It’s true that the Schermerhorn does not have LEED certification but its many green features – coupled with the uniqueness of its purpose – give it the right to a spot on this list. The property is the result of a collaboration between the public and private sectors and is located in Brooklyn at 160 Schermerhorn Street. This eleven-story building has 116 units, which are occupied by people who have experienced homelessness, those with special needs, and people living with HIV/AIDS, as well as low-income members of the community. It is a perfect reminder that it is not just office buildings and high-end condos that can prioritize green features.

Many of the residents are involved in the arts, which is the reason for the inclusion of a dance studio operated by the Brooklyn Ballet and a 2,000-square-foot performance space that is overseen and operated by the Actors Fund. Sustainable aspects of the property include the glass-faced façade, high-efficiency boiler, the use of recycled building materials, and a rooftop garden.

The Bank of America Tower

LEED Platinum-certified , The Bank of America Tower is located at 1 Bryant Park, West 43rd Street. The developers say that the entire property was inspired by and built for “biophilia,” a person’s innate need for connection to their natural environment. As a result, there is an emphasis on utilizing daylight, fresh air, and other types of natural inputs.

Though Bank of America is the primary tenant of the building, it is also home to the LEED Gold certified Stephen Sondheim Theater, Broadway’s first green theater, an urban garden room on the street level, and a mid-block pedestrian passage space that doubles as a performance space.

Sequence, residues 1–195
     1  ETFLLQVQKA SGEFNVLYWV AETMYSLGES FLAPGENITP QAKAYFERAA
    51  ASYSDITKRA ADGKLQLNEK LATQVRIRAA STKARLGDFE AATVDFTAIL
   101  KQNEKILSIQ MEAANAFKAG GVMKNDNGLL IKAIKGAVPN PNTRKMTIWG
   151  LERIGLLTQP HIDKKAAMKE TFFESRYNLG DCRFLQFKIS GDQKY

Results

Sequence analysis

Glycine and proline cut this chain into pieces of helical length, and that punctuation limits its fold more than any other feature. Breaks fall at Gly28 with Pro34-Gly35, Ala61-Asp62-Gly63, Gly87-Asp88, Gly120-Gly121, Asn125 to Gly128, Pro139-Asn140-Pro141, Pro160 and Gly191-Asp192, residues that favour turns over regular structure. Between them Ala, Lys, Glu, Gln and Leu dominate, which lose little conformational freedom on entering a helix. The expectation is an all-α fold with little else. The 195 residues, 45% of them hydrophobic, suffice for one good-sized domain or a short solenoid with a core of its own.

The Empire State Building

One of the most iconic buildings in the world, The Empire State Building is also a LEED Gold-certified building. When it was first classified as such in 2011, it was both the tallest and most well-known property in the country to earn Gold status, and it remains one of the few National Historic Landmarks to have earned the designation.

Some of the steps that led to the certification include the installation of ultra-low-flow fixtures in restrooms throughout the building, the use of recycled carpets, green cleaning supplies, eco-friendly pest control, low off-gassing wall coverings, and recycled paper products. The building also recycles tenant waste and construction debris.


Toren, another Brooklyn property, is located at 150 Myrtle Avenue. Features that helped this 38-story residential property earn LEED Gold Certification include a rainscreen system in the base, coupled with the basement’s cogeneration plant, which supplies all the power and water for tenants and the building, as well as innovative fresh air initiatives.

10 Hudson Yards

The LEED Platinum Certified property at 10 Hudson Yards is a truly unique building. Built both over and under railroads, green initiatives include onsite power generation, constant changes to power and temperature demands based on real flow and environmental conditions, heat control via complicated network of tubing that moves cooling liquid throughout the property, a robust ventilation system powered by 15 fans, smart soil to allow aeration and prevent erosion, and the use of a 60,000-gallon tank to collect and reuse rainwater.

Perch Harlem

Perch Harlem, a passive house located at 542 West 153rd Street in Hamilton Heights, is one of the most energy efficient buildings in New York City. Designed to be air-tight without thermal bridges, the units actually use the waste heat from home appliances, such as stoves, hot water heaters, and dryers, to warm the building. The developers promise as much as 90% less energy use thanks to this passive method.

These uniquely eco-friendly buildings in New York City are setting the bar for new developers and tenants alike. What will be the next iconic New York property to receive awards for sustainability?